Chinese live streaming platform Inke formally launched its IPO and started trading on July 12th in Hong Kong.
As an early entrant to the sector, Inke (映客) has grown quickly during China’s live streaming frenzy that started in 2016. And while many of 200+ smaller platforms died off after the market cooled down and regulations set in, Inke has become one of the most invested-in upstarts in the country. According to an open letter from Inke CEO Feng Yousheng, the company has won over 200 million registered members in 3 years.
The final IPO price per share was set at HK $3.85, the lower end of the expected share price. Calculating with the 300 million shares the IPO plan decides, Inke will raise HK$ 1.05 billion, missing the expected HK$ 1.21 billion. As Feng Yousheng stated in the letter:
“In 24 hours, we will be witnessing the Time for Inke at Hong Kong Stock Exchange. Inke will then become the No.1 entertainment and live streaming stock in Hong Kong’s capital market.”
This is not Inke’s only IPO attempt. In 2017, the company hoped to indirectly go public by allowing a communications agency called Shunya International Brand Consulting to purchase over 50% shares of Inke’s developer company Beijing Milaiwu Network Technology. However, after around 6-months’ negotiation, the two parties abandoned the acquisition due to policy uncertainty and disagreement on the transaction price.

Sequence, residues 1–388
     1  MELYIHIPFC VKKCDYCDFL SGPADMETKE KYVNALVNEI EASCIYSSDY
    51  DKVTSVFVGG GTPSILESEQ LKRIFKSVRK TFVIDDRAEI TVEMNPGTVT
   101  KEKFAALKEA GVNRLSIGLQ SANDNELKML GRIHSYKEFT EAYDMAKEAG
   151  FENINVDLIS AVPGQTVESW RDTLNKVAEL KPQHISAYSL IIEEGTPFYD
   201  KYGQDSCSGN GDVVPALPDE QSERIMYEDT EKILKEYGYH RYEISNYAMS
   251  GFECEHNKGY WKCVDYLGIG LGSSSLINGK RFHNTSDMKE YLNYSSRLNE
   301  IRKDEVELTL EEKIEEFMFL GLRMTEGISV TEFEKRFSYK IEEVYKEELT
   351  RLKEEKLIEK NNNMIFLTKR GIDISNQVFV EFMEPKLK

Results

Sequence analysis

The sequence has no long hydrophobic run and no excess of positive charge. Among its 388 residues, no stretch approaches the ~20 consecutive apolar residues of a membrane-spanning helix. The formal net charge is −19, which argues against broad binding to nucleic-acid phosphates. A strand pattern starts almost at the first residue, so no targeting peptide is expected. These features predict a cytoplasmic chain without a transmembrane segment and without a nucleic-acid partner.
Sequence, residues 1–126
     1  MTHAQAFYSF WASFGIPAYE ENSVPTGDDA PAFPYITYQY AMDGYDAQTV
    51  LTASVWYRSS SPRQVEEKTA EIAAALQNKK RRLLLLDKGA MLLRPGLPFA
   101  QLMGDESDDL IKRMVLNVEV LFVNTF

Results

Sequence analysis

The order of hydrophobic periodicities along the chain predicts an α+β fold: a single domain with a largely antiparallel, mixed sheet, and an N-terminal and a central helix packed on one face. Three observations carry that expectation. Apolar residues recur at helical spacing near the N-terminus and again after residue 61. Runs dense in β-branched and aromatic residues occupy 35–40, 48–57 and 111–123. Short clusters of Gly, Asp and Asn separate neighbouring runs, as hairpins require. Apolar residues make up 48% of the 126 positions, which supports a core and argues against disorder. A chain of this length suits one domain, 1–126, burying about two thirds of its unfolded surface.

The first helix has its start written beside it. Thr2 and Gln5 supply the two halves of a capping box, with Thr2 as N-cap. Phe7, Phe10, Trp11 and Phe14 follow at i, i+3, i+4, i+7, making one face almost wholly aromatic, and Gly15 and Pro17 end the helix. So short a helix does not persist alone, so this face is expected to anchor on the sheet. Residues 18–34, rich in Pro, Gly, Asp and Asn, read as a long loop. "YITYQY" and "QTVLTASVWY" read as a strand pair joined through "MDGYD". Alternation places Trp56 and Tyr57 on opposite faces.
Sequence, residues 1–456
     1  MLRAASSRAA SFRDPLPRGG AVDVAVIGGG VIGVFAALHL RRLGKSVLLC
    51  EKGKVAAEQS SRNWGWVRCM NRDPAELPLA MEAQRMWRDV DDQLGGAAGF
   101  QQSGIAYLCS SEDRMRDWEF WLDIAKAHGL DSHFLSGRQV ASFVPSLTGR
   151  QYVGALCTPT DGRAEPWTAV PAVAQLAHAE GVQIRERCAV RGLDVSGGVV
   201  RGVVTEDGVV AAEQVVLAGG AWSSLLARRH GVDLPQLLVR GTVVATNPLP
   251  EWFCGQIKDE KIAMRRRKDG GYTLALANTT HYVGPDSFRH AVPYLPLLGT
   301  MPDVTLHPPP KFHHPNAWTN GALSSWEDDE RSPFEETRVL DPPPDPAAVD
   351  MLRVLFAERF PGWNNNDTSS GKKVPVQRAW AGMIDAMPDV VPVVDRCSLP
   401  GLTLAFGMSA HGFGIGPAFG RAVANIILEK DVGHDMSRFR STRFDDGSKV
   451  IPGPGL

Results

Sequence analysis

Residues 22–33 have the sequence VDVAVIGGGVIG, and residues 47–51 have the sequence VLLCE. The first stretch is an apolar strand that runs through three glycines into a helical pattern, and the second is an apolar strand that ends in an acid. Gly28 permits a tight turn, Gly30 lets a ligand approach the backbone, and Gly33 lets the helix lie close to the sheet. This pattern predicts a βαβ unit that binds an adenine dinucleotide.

According to Inke’s filing, the company’s annual revenue declined from RMB 4.33 billion ($ 646 million) in 2016 to RMB 3.94 billion in 2017. Inke lowered cost of sales, selling and marketing expenses, and administrative expenses in order to improve the adjusted net profit RMB 790 million that increased 40.4% year-over-year and the operating profit RMB 871 million that increased 76.4% year-over-year.
Meanwhile, Inke’s cash holding (cash and cash equivalents at end of year/period) increased 54.7% to RMB 2.2 billion year-over-year in 2017.
The company generates most of their revenues from the live streaming business where users can purchase Inke Diamonds, their virtual currency, to purchase virtual items and other services. Virtual items that live steamers received are converted to Inke Coins. Up to a certain amount, they can be exchanged for RMB.
Besides Inke, Chinese live streaming company Huya (HUYA) landed in the US in May. Its share price soared from the initial opening price $15.5 to $36.47 (July 11, US EST). By the publication of this article, Inke’s share price has increased around 20%, hitting HK$4.6.
–This article originally appeared on Technode.